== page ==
Because he totally started that bit with “Seen a lot of you lately.” I’m reminded of Multiple Miggs’ one-sided conversation with Clarice Starling in The Silence of the Lambs.

Lauer attempted to intimidate Hathaway by foisting blame for her own violation back onto her, and though she defended herself quite admirably, she was obviously uncomfortable. Good job, creep.

Next up, comedian and commentator Dean Obeidallah posted an article on CNN entitled “Do you believe in celebrity wardrobe ‘malfunction’?,” wherein he lays the blame for such things on the celebrities themselves. Obeidallah explains that they do this in order to remain relevant and in the news when their careers begin to flag or when they need “exposure.”  What better way to do that than to slip some nip or flash ’em the old beav, huh Dean?  Of course, he absolves Hathaway in this particular case, because “she has no history of these types of antics” and “she is well-respected in Hollywood.”  Sorry, Emma Watson, you’re a has-been and we know you only do this to prolong your fifteen minutes of fame.

I called out Obeidallah on Twitter, and here’s the exchange:

Me: Yeah, what are these women doing even going out in public?! Have they no shame? She basically raped that poor photographer.

Dean Obeidallah: Dont think u get the article but thanks for reading it

Me: @Deanofcomedy I got it just fine. Someone took a picture of her crotch without her permission and sold it for money. Obviously her fault.

DO: Nah, u didnt get it- But again thanks for reading it

Me: (quoting from his article) “since Hathaway was exiting her car sans underwear, she would do so more carefully than a cowboy climbing off a horse.”
Me: “she was being dropped off on the red carpet where the paparazzi were lined up like piranhas awaiting a piece of meat. ”
Me: Or, the shorter version: “She was asking for it, dressed like that and walking down that dark alley.”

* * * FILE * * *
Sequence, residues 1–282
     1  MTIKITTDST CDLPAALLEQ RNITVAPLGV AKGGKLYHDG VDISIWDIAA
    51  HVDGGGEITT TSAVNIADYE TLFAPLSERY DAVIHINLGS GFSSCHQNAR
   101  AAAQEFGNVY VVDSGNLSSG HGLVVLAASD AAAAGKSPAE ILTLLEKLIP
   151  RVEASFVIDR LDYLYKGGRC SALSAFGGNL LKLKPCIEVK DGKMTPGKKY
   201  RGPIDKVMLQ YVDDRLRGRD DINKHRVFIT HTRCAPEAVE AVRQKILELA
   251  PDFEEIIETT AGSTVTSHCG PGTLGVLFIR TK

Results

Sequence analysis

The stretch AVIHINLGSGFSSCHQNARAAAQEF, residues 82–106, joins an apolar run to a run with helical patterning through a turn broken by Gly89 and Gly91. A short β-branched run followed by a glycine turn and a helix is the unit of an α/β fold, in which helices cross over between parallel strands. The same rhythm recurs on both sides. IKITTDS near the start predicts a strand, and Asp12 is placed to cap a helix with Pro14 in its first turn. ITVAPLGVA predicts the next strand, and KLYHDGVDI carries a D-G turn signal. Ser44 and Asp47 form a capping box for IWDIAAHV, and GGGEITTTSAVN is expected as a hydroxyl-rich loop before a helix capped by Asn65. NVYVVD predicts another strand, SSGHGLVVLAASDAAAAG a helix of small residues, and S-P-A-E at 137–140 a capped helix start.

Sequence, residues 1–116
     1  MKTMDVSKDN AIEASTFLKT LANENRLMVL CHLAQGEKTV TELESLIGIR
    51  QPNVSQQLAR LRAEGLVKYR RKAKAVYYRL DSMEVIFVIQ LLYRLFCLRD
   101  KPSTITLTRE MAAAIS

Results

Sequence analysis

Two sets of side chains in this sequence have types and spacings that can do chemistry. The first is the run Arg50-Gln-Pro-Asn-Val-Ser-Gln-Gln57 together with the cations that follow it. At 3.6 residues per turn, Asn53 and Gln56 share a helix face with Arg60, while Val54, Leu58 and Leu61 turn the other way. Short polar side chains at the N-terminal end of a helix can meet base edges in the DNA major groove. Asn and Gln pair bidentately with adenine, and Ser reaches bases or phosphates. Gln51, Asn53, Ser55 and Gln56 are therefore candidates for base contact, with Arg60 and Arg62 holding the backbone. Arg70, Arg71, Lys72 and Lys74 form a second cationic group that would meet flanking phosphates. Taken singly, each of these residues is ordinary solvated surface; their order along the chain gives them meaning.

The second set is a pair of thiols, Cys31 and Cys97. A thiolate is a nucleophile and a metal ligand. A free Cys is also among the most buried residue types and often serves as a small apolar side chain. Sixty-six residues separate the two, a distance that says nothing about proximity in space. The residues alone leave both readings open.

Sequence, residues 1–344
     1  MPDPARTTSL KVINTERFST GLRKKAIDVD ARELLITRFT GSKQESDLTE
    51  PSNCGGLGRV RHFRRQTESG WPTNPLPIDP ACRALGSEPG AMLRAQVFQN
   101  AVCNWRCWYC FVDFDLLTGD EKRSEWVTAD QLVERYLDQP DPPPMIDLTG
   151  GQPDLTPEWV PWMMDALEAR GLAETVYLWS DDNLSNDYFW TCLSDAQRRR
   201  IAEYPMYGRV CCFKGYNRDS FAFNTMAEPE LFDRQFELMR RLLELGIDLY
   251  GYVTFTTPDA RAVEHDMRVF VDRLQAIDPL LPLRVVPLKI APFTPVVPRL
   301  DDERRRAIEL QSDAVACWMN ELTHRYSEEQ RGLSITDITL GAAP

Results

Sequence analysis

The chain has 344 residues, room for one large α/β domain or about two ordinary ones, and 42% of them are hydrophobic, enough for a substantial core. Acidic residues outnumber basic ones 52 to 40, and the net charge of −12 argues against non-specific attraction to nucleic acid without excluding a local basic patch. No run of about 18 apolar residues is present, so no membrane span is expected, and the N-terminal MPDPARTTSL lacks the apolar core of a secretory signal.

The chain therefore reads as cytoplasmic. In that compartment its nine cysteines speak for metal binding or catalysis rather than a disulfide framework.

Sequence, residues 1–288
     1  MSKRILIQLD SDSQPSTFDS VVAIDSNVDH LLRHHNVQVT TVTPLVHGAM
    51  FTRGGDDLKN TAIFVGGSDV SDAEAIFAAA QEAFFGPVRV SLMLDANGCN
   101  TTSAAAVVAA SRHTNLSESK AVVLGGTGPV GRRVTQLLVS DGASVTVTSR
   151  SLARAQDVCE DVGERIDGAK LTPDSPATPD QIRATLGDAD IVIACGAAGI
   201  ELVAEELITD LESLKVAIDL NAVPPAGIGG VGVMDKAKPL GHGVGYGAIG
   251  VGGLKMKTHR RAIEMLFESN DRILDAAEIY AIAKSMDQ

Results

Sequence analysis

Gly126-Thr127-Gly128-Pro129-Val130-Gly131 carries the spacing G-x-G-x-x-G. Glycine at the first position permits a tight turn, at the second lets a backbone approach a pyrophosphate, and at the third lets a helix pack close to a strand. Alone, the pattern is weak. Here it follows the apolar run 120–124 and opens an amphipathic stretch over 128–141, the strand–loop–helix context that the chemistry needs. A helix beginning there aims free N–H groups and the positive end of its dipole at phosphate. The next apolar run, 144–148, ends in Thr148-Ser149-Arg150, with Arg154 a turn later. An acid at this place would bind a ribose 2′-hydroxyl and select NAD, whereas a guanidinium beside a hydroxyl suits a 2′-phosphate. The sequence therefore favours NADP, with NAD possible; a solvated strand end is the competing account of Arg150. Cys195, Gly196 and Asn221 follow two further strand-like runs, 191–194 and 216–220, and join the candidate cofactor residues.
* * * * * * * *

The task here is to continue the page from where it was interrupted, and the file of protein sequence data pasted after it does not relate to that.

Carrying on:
He comes back with the “sorry you’re offended” line:

DO: Ur right – Ill ask CNN to take down the article bc some people simply wont get the point

Me: Oh, I get your overarching point. You just use the classic “blame the victim” mentality to get there. Very original.

DO: U get it after all!

I’m not even sure where to go from there, because 140 characters was just not quite sufficient, and I was getting really annoyed by someone using “U” instead of “you” when he had over 100 characters left to work with.

What this whole incident boils down to is the continuing narrative that celebrities are public property, women who are taken advantage of like this had it coming, and men simply can’t be held accountable – the onus is on them to behave themselves. Because for some reason, what undergarments Anne Hathaway does or does not wear is somehow of great importance, and she should feel ashamed that she didn’t rigidly conform to the societal standard.

But what exactly is that standard?  What if she’d been wearing something under that dress?
“Hathaway flashes crotch, shows off sexy panties!”
“Hathaway flashes crotch, shows off unsexy panties!”

What if no one had managed to get that shot?
“Hathaway’s visible panty line!”

What if she’d just tried to avert the crisis altogether?
“Hathaway shocks by wearing pants to premier!”

It’s a no-win scenario.  The media is going to be obsessed with the fact that a beautiful woman has a vagina.  It’s incumbent upon scumbags to not photograph it without her express permission, and creeps like Lauer to not shame her because some scumbag photographed it.  She’s not ours.  Her body is not ours.  Her body is her own.  And if she wants to go commando, more power to her. I don’t care what she wears as long as she’s comfortable in her own skin, and no one has the right to shame her for that.